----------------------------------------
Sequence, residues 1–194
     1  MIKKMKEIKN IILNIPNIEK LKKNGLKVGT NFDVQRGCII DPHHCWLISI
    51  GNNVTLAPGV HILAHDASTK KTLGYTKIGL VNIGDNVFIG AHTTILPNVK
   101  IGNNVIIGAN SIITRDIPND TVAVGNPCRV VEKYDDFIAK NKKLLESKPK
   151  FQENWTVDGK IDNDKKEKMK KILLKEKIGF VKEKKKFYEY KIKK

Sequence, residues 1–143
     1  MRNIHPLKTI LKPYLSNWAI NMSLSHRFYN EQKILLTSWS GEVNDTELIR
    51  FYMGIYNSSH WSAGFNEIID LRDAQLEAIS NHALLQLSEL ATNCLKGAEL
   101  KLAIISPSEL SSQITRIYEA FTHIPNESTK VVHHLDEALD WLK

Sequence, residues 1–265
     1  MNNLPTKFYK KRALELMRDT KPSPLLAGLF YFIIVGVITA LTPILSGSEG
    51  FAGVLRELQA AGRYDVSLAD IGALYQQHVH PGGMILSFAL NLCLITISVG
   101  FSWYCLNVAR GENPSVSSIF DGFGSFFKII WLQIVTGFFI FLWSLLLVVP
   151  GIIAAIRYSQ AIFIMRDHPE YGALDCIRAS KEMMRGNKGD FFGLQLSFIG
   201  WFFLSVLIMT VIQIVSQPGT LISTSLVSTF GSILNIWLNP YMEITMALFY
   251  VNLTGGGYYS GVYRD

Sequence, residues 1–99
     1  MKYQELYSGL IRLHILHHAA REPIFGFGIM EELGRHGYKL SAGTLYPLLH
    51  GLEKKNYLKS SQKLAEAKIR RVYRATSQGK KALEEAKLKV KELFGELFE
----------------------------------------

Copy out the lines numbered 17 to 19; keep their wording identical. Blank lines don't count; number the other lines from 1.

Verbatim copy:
Sequence, residues 1–99
     1  MKYQELYSGL IRLHILHHAA REPIFGFGIM EELGRHGYKL SAGTLYPLLH
    51  GLEKKNYLKS SQKLAEAKIR RVYRATSQGK KALEEAKLKV KELFGELFE